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Hockey News Makes a Mess Out of Stats

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In case you haven't heard the Hockey News has been tracking their own version of "clutch scoring" this season. If this were evidence that the paper is embracing advanced hockey stats I would be thrilled. But the truth is all they have done is slap something together that any hockey loving middle school student could create.

A new wrinkle on Campbellnomics this season is the comeback goal. A comeback goal can only be scored when a team is trailing by two or more goals and that goal has a direct effect on his team getting back into the game. The goal must be one of goals scored in succession that result in the game later being tied.

So if the Thrashers are down by two goals and Bryan Little making an amazing play and scores to cut the lead down to just one goal--but the Thrashers fail to tie the game--that goal is not a "clutch goal" because the other 17 skaters failed to tie the game up. Does that make any sense? On other other hand if Boris Valabik throws a puck at the net and it deflects off someone's stick and then redirects off another players butt and into the net--and cuts the opposition lead to one and the Thrashers go on to tie the game--well that counts as a "clutch goal"---greeeeat! That's just sheer idiocy.

A player can't possibly know how a game will turn out--all they can do is play their best given the situation. If they score a goal that helps their team no matter what the score is. To assign special emphasis to goals based on how the game turned out makes little sense.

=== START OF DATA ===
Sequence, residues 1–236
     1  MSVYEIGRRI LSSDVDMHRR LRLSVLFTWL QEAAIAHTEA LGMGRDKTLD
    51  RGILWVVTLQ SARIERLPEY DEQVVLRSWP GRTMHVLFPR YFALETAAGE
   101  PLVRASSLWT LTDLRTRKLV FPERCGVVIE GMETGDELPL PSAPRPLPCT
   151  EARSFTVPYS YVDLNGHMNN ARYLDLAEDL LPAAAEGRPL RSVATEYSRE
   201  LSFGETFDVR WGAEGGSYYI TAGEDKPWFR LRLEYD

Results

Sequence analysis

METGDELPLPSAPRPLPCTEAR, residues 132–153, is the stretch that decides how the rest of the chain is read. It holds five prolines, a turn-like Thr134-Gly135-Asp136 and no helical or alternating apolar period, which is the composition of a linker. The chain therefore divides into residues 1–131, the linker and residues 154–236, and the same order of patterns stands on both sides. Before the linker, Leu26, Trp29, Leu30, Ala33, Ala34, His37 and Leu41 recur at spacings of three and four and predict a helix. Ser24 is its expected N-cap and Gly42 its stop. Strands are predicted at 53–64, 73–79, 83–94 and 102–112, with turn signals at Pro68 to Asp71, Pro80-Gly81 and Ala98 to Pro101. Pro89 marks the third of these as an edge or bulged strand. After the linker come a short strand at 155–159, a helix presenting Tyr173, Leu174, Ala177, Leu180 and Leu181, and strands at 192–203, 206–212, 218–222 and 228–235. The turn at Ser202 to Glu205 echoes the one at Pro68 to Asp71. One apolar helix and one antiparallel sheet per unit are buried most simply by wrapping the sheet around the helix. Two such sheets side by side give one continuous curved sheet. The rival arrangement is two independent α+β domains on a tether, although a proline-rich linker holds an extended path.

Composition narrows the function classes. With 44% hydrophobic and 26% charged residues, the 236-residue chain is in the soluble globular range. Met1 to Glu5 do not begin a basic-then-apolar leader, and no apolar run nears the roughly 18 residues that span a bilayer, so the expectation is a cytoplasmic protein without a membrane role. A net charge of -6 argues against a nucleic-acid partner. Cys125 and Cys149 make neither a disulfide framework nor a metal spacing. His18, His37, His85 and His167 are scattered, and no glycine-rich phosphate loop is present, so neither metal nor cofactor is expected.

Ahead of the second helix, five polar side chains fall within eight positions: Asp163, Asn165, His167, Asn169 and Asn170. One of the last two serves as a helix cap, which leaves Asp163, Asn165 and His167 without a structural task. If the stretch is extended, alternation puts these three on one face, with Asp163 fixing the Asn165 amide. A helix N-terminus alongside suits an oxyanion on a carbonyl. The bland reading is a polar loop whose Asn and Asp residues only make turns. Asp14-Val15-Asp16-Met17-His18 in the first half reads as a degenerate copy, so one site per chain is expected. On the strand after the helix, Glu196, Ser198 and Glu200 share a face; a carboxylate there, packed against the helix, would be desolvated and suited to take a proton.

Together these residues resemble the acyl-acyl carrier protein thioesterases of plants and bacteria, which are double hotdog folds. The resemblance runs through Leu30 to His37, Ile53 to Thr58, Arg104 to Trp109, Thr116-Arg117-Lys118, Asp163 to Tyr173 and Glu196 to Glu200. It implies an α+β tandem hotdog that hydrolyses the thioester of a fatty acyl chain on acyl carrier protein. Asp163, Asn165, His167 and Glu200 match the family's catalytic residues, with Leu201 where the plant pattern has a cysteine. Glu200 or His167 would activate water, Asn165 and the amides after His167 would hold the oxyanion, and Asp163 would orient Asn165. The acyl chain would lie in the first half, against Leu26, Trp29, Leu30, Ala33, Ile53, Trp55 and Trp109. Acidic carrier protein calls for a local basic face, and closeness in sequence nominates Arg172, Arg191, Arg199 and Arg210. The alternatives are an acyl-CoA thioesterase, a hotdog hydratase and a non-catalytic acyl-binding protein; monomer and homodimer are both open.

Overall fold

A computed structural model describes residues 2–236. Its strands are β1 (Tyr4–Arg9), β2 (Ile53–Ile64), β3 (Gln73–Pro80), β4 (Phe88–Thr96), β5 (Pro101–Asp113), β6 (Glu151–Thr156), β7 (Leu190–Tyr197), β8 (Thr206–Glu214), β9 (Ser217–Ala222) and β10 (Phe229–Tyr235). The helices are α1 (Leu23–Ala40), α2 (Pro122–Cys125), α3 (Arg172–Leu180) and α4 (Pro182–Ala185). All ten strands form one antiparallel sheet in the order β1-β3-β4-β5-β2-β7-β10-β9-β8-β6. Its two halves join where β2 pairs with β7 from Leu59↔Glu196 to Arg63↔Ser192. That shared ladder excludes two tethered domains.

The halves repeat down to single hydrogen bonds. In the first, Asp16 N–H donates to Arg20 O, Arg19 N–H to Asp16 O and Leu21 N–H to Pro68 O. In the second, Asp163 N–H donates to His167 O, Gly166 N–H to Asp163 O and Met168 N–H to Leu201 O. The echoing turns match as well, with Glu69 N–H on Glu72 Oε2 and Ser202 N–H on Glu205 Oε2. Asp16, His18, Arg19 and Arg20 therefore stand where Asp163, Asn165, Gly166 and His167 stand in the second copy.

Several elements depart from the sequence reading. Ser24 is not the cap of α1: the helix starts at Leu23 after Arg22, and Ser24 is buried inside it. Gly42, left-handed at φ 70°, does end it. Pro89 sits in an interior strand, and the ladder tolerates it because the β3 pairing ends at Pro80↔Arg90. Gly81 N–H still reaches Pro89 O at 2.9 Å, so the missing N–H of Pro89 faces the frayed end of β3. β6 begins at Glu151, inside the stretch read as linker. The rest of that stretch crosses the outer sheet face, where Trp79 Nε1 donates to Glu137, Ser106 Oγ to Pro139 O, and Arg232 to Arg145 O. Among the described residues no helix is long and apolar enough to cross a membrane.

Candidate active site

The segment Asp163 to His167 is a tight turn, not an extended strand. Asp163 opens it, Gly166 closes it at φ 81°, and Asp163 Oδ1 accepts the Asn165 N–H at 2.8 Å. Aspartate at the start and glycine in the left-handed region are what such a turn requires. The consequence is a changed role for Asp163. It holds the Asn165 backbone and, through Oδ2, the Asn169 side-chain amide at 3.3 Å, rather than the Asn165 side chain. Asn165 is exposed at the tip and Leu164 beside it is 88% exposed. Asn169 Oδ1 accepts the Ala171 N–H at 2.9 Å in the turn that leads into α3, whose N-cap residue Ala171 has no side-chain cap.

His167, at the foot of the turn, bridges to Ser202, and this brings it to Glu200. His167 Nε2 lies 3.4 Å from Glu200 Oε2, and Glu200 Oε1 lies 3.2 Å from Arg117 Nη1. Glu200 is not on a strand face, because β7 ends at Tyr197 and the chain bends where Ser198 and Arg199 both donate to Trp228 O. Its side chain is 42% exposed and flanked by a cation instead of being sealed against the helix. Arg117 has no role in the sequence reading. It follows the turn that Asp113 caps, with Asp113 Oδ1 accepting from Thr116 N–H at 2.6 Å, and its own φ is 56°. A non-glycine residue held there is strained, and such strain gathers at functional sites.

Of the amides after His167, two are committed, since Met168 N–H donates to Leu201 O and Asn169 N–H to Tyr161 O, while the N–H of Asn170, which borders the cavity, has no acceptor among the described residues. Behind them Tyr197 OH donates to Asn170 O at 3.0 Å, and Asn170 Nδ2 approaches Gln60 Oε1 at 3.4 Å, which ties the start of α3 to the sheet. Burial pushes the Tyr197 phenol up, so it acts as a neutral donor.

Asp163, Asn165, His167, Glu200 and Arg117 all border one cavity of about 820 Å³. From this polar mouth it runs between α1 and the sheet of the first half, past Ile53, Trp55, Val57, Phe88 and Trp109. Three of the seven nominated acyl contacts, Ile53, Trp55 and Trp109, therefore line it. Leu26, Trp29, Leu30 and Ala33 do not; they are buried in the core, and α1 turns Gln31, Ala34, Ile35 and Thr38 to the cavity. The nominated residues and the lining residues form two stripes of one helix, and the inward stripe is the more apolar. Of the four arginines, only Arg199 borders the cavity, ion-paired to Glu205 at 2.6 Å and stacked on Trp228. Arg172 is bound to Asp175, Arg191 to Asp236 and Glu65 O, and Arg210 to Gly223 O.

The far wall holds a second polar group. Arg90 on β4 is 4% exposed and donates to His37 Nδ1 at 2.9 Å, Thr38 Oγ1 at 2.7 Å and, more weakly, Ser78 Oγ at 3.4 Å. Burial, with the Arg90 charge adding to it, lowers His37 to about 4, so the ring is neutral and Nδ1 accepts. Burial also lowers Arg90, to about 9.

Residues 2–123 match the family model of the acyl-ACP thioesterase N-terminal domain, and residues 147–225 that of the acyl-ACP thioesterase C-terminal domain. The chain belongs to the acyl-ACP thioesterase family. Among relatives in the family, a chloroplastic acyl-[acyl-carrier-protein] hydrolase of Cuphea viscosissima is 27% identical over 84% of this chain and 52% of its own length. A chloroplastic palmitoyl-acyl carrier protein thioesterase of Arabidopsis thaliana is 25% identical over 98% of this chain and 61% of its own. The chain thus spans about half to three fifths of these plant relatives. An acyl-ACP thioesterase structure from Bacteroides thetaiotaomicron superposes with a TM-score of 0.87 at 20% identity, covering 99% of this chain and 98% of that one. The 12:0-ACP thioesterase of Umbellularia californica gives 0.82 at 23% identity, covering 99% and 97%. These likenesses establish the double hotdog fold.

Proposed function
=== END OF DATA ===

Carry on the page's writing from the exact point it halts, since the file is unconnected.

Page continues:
If you want to make a case that scoring the sixth goal in a 6-1 is less meaningful than I would agree with that. Some goals are more "high leverage" than other goals. You could use a "marginal goals framework" in which you look at the historical average and given credit to players who score in high leverage situations.

For example, in a tie game the next goal will always be meaningful and the closer that tie game is to the end of regulation, the more meaningful that goal will be. A goal that gives a team a 4 goal lead is usually less meaningful, but there is a chance the opposition will score 3 more and the goal that produced a 4 goal lead will suddenly become the gain winner. That goal that gives your team a big lead is unlikely to end up as the game winner, but you never know.

If the Hockey News wants to do "clutch scoring" correctly they ought to assign a value for every goal scored based on the game score and the time at which that goal is scored. Some goals have a HUGE effect on the probability that your team will win the game and other goals not so much. The Hockey News ought to ask one of the quantitative bloggers out there to help them produce a more accurate measure of "high leverage" goal scoring events than mish-mash approach they are taking with their amateurish attempt.